• If you want to reduce car emission then all the need to do is incentivise low emission cars through discounted rego!
          I am also surprised that australia does not produce small cars that run on strait LPG.

          The future of short trip is compressed air cars that are already run in india, They have super low running costs, fast to charge, excellent torque characteristics, and no pollution. You could also attach a power generator to a compressor for longer distance travel. Much better than electrical.

      • Your graph could be very different with state financing : Most of the cost of wind/green energy is the cost of borrowing.Government/super could make it dramatically lower by financing it as government borrow at much lower rate than private entities.That why France has a proper energy infrastructure with cheap energy and UK (mostly private) does not, and pay the high price.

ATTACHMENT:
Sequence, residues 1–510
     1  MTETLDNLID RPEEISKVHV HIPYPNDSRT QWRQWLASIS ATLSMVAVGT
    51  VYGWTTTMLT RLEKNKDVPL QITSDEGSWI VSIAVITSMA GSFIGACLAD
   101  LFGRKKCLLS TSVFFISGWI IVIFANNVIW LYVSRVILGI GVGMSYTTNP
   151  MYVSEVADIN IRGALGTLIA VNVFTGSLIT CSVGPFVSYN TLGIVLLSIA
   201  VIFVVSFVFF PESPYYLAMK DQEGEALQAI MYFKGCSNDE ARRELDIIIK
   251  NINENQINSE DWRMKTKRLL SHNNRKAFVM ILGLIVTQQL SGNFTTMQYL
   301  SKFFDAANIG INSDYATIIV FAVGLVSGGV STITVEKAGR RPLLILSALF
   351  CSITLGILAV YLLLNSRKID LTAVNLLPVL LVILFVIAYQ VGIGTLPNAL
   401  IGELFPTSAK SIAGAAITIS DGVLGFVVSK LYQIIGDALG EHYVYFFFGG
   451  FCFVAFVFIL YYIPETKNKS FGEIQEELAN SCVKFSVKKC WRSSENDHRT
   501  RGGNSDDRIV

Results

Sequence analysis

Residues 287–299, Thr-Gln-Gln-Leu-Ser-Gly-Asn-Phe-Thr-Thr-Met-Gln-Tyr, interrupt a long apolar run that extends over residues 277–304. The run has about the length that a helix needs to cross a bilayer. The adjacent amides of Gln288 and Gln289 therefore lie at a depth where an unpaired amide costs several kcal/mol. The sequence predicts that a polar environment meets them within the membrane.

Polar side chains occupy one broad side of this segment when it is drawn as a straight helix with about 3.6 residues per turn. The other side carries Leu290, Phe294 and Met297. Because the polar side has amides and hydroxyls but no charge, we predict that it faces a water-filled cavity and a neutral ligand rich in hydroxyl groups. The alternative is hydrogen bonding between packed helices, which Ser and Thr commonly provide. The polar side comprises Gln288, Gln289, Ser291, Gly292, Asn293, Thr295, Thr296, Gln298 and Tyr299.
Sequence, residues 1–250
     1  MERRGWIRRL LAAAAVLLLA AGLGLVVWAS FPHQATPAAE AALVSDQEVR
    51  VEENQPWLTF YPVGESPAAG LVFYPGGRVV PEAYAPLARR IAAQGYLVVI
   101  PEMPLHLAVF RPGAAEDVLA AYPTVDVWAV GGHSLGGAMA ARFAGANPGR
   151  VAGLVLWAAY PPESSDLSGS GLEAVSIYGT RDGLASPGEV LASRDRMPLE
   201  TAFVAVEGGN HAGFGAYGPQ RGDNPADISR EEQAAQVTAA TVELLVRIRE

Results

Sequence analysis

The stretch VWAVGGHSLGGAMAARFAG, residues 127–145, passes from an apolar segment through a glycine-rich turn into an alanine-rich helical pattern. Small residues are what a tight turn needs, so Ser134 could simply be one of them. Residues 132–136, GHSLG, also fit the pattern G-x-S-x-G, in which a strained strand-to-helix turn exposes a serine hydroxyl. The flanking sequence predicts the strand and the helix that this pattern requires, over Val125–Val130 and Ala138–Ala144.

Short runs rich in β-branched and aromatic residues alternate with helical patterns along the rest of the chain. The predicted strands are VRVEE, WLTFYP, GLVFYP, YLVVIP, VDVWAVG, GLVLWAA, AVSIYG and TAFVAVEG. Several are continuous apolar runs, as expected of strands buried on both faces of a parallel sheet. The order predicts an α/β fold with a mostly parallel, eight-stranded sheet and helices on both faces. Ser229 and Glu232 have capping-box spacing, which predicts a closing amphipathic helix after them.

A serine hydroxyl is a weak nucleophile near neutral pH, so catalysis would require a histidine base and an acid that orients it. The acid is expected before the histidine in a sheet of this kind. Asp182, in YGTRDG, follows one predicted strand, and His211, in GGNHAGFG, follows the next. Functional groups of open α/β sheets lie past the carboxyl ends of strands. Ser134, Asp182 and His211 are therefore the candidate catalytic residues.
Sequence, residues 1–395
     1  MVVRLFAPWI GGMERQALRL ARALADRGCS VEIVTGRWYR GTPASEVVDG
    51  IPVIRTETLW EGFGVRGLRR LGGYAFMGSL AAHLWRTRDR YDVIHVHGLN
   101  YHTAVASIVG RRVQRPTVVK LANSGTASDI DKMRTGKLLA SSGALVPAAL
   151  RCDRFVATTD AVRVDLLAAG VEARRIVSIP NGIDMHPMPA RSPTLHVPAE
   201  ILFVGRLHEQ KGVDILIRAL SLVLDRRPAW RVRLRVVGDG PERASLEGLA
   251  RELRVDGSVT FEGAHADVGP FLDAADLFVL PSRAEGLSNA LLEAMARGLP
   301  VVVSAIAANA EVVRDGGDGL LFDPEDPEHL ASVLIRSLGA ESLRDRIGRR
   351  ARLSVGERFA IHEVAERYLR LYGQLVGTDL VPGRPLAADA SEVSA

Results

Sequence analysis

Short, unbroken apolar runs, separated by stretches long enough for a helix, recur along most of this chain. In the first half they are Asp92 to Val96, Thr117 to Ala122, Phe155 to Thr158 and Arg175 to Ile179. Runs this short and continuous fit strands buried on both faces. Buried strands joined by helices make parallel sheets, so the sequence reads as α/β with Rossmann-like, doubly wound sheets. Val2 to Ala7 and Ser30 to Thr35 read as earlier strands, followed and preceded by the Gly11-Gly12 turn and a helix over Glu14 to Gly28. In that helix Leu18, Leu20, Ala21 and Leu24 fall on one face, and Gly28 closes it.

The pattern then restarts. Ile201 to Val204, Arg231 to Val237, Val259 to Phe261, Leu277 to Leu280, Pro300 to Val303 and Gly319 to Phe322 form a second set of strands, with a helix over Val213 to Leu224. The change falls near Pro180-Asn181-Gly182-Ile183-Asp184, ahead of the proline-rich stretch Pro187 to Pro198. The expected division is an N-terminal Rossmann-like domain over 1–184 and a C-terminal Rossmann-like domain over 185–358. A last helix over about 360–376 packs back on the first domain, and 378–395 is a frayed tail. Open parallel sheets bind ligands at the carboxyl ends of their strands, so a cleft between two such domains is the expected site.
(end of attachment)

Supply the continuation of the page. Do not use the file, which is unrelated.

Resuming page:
Green is expensive to setup but cheap to run, no private entities can support the initial financing price they prefer invest in gas, less initial borrowing.

        • The problem with green energy is that it doesn’t run! It still has to be backed up with baseload energy from fossil fuel or nuclear. It can lead to energy spikes and brownout that have significant cost!
          It is stupid to spend money on inefficient green energy, we should spend it on developing new technology instead!

      • dam that is exactly the point of the carbon price!

        Give investors certainty, and sure enough superannunation funds wanting a secure 5-6% will invest in renewable energy companies